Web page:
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    The Crowd Says (46)

    • October 11th 2017 @ 8:29am
      BurgyGreen said | October 11th 2017 @ 8:29am | ! Report

      Zampa certainly doesn’t lack confidence – I recall him expressing surprise that he was left out of the Test squad for India earlier this year.

      Good to see Behrendorff performing, and Henriques with a good knock. Interesting that Warner used him at 3, like he does with Sunrisers Hyderabad. Warner strikes me as a quality T20 tactician – have we missed a trick by giving Smith the captaincy in all formats?

      • Columnist

        October 11th 2017 @ 8:49am
        Ronan O'Connell said | October 11th 2017 @ 8:49am | ! Report

        From a fairly small sample size so far Warner has definitely looked more astute tactically than Smith.

        I really like the fact that he ditched the pre-conceived bowling plans he would have had and just let Behrendorff bowl out his 4 overs on the trot. By the time Behrendorff finished his spell Australia had one foot in the winner’s circle.

        I also like that Warner backed in Zampa and didn’t take him off when his nemesis Pandya came to the crease.

        Other notes:

        1. NCN bowled really well again, he’s had a brilliant tour

        2. Tye struggled again, he was easily the worst of the Aussie bowlers and just doesn’t look capable of taking the step up to international cricket. After 7 T20Is he now averages 38 with a whopping economy rate of close to 10rpo. Given that Tye is about to turn 31 years old there seems to be no logic in continuing to play him. Give younger bowlers a crack.

        3. Henriques looked awful early on and played and missed several times as he went to 3no from 13 balls. Luckily for him the RRR was really low and he was able to stay patient and then started to play really well. But in a normal T20 situation he wouldn’t have had that luxury.

        • Roar Guru

          October 11th 2017 @ 8:58am
          The Bush said | October 11th 2017 @ 8:58am | ! Report

          Warner seems more like Warne, Clarke or Taylor, he seems to have a natural feel for cricket (yet makes Warne seem like an intellectual…). Smith might be an amazing batsman and a fine (amazing?) fieldsman, but he doesn’t seem to have that natural instinct for cricket that makes a truly great captain.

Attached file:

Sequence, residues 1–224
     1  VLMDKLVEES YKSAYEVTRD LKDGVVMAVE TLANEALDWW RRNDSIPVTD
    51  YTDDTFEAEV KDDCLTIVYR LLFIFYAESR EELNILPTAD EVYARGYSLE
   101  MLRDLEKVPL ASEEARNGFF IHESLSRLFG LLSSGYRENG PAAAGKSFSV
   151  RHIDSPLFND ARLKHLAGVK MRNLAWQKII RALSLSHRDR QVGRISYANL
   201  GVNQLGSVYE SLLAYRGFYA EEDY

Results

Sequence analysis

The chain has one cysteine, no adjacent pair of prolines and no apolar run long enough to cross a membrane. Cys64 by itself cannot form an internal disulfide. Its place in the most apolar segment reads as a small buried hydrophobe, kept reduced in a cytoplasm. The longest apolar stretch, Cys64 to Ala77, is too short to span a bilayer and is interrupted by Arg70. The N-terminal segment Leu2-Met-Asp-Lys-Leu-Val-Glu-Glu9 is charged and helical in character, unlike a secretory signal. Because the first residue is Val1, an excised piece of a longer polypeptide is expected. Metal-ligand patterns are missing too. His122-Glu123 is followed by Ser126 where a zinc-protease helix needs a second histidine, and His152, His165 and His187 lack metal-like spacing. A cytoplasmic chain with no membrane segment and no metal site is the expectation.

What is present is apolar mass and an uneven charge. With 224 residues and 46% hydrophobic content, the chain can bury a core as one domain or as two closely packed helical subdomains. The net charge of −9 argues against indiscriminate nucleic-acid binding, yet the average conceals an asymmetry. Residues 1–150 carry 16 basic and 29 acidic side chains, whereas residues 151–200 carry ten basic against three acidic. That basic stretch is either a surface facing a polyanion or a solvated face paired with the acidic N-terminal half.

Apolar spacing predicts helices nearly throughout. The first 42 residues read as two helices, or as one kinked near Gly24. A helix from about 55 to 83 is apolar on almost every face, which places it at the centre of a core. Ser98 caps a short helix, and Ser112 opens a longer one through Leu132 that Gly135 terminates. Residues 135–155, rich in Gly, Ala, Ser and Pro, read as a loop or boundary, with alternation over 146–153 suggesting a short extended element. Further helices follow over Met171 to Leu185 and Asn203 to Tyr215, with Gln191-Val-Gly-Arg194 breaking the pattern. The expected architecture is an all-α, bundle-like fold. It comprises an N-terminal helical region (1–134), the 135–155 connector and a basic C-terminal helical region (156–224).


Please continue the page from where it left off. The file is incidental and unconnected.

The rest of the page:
Great stuff from Behrendorff and NCN. Couldn’t come at a better time for the blokes either, now that Patto is on an indefinite leave from cricket (and at his age might never make it now). There is a real chance to break your way into the test team, as we’re now only an injury away from needing a front liner and Bird just never seems really in favour.

        • October 11th 2017 @ 9:07am
          BurgyGreen said | October 11th 2017 @ 9:07am | ! Report

          Good point about Henriques’s knock. I didn’t see it live so missed that context.

          Tye’s lack of control in internationals has been baffling. But yeah, time for someone else. Maybe Paris will be fit next time we play T20s.

          Another thing – if Behrendorff is boosting his Ashes stock in the selectors’ eyes, what about NCN? I wouldn’t be entirely surprised if he leapfrogged the others, especially as he’s a somewhat similar bowler to Pattinson (though nowhere near as good with the red ball).

          • Roar Guru

            October 12th 2017 @ 8:55am
            Chris Kettlewell said | October 12th 2017 @ 8:55am | ! Report

            Tye is one of those interesting cases where he’s consistently been one of the best BBL bowlers, but has always looked completely out of his depth when it comes to international cricket. I think Ronan is right that this series may well be his last opportunity. Time to move on to other options.

          • Roar Guru

            October 12th 2017 @ 9:18am
            Ryan H said | October 12th 2017 @ 9:18am | ! Report

            It’s great to have plenty of options at this time, but I don’t quite buy into the talk surrounding Behrendorff and the Ashes. He’d be deserving if he did win a place, but he’s likely only back-up to Starc. Can’t see him earning a place ahead of any of Starc, Hazlewood or Cummins, as that is almost certainly going to be the starting bowling attack.

            • October 12th 2017 @ 9:51am
              Don Freo said | October 12th 2017 @ 9:51am | ! Report

              I think you’re right. The thing that most impressses me about Behrendorff is his control over what he is doing…and when.

              Movement, length and even pace variation is supported by a brain that can read a batsman and work a plan. There’s a subtlety there that raw pace can’t always match.

              Cummins and Hazlewood have some of these qualities. Starc comes down to raw passion and grunt…that’s not a bad thing.

            • October 12th 2017 @ 11:12am
              BurgyGreen said | October 12th 2017 @ 11:12am | ! Report

              Yeah I’m more talking about who’s going to be the backup seamer in the squad, certainly Cummins, Starc and Hazlewood will line up if fit.

        • October 11th 2017 @ 10:25am
          Don Freo said | October 11th 2017 @ 10:25am | ! Report

          As a passionate West Aussie, I agree. Andrew Tye has almost 10 West Australian bowlers ahead of him for the state side. His level is BBL and I’d even suggest better WA bowlers will bypass him in The Scorchers by the end of this next BBL.